Toronto students learn local connection with World Hunger Day

Alastair Woods, 23, is chairperson-elect with the Canadian Federation of Students – Ontario, and will be graduating from York University with a BA in international development and political science this spring. He is also one of eight community members helping a group of Toronto high school students put poverty into a local context to mark World Hunger Day Tuesday. There are food banks on every Ontario college and university to address the growing problem of student hunger, said Woods in the Toronto Star May 28. One student he met at the York food bank last winter said didn’t have enough money to enrol in a winter course and buy groceries. Read full story.

Can Herschel backpacks go mainstream and keep their cool?
Like Canada Goose jackets and Lululemon yoga pants before them, Herschel backpacks are ubiquitous on university campuses. The young Vancouver-based company is quickly making a name for itself as a fashion brand young adults want to be associated with….But if fickle “cool kids” are your early adopters, you risk losing them as you try to saturate the mass market. Conversely, how do you continue to grow without doing just that?…“You don’t build big cult brands just on the superficial positioning in advertising,” said Schulich School of Business marketing Professor Alan Middleton in The Globe and Mail May 29. Read full story.

Oil spills are rare and getting rarer
Canada’s pipeline industry, in a boast echoed regularly by the Harper government, proclaims a “99.999 per cent safety record”.…However, York University history Professor Sean Kheraj calls the 99.999 per cent claim “flawed and vague”, because it doesn’t capture the frequency of spills and leaks. He points to statistics from Alberta’s Energy Resources Conservation Board that show there was an average of about 1.5 leaks or ruptures a day in 2011 on the province’s 406,974 km of pipelines. “The largest pipeline network in Canada is by no means leak-proof, and oil spills on that system occur very frequently,” said Kheraj in the Vancouver Sun May 28. Read full story.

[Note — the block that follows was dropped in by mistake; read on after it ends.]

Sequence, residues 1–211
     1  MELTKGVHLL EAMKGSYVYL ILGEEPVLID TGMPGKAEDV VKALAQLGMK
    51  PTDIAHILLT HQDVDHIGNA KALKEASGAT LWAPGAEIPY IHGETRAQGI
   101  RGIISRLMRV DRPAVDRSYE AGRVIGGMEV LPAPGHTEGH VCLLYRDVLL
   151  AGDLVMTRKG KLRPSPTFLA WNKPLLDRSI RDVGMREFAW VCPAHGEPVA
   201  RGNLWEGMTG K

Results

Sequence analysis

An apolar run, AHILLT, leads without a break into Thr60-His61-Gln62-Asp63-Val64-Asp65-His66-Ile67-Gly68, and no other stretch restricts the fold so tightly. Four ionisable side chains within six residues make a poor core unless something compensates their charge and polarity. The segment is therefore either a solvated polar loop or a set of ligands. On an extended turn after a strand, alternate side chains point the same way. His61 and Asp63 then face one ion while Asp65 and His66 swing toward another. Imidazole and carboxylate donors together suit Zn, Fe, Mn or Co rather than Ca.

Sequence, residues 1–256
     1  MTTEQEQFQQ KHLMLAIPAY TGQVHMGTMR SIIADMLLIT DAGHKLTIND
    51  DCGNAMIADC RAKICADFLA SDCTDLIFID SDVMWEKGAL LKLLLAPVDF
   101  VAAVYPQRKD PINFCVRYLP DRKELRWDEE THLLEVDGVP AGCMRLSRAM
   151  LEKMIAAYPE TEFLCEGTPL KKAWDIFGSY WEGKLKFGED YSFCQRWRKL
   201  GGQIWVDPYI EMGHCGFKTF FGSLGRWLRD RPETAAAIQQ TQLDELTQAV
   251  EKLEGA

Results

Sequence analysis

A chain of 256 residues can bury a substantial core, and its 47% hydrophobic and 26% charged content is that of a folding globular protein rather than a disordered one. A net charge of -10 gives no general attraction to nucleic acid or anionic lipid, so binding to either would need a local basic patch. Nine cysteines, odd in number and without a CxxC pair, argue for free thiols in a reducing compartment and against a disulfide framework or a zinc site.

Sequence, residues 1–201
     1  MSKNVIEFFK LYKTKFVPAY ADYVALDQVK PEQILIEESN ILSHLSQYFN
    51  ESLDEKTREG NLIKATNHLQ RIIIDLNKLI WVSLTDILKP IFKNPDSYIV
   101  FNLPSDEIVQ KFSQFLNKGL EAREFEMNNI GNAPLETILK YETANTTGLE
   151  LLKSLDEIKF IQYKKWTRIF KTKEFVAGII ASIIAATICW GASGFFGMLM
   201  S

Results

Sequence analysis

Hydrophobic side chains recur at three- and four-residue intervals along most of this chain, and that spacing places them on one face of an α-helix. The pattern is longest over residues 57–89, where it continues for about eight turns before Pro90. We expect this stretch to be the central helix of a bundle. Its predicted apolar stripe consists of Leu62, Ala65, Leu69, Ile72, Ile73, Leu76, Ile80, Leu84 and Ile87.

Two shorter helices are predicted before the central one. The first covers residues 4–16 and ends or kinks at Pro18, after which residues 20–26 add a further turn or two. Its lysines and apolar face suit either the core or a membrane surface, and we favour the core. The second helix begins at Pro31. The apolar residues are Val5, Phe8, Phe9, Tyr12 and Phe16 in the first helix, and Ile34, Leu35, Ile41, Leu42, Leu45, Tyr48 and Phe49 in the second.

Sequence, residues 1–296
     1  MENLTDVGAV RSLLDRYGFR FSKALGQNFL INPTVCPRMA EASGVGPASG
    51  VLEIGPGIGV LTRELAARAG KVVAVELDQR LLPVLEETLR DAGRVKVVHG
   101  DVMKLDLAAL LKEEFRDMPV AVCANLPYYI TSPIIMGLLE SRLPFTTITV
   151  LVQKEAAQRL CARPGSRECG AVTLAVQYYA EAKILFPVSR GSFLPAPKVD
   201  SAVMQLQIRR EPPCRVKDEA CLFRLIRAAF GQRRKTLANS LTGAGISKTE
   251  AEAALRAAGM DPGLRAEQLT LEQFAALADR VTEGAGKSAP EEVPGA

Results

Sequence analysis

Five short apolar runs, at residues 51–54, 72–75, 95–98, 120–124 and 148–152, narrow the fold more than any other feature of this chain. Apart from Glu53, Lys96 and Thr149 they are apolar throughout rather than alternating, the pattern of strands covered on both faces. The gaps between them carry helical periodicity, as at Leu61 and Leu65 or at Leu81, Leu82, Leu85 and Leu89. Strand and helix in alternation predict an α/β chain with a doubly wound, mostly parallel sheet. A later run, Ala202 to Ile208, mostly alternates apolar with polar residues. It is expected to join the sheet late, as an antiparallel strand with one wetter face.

Murder most mayoral
Novelists haven’t been the only Toronto writers to draw inspiration from mayoral politics. John Greyson, a filmmaker and York University professor, wrote and directed Murder in Passing, a 42-episode whodunit that aired on Toronto Transit Commission subway platforms from January to March. In it, the mayor is one of the suspects in the murder of a bicycle courier, and is described as having defunded “the pinky parade” along with “bike lanes and libraries and arts funding”, reported the Toronto Standard May 28. It’s all fictitious, though. And Greyson reminded Toronto Standard that the story is based in Passing, B.C. Still, he writes from Toronto. And it’s about bikes. And a mayor who hates them. Read full story.

‘Happy birthday, Rob Ford! Please resign,’ sing city hall visitors, with cake in hand
The women, Jennifer Capraru and Christine Brubaker and one other whose name I didn’t get, say they simply are embarrassed by what is going on in Toronto and would like the mayor to step down. “I am not in agreement with the way Mr. Ford is running the city,” said Capraru, a theatre professor at York University, in the National Post May 28. “This is a performance intervention. We are polite.” Read full story.